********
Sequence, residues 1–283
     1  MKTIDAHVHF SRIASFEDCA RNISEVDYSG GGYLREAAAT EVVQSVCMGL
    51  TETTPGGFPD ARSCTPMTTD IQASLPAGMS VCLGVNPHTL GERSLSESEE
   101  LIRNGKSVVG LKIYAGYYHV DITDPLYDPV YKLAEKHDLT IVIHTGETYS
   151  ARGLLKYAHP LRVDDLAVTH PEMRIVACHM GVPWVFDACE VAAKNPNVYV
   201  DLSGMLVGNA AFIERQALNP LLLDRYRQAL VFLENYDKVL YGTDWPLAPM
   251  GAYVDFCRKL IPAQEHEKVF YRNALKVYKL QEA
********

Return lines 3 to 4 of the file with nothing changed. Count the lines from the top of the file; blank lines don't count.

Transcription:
    51  TETTPGGFPD ARSCTPMTTD IQASLPAGMS VCLGVNPHTL GERSLSESEE
   101  LIRNGKSVVG LKIYAGYYHV DITDPLYDPV YKLAEKHDLT IVIHTGETYS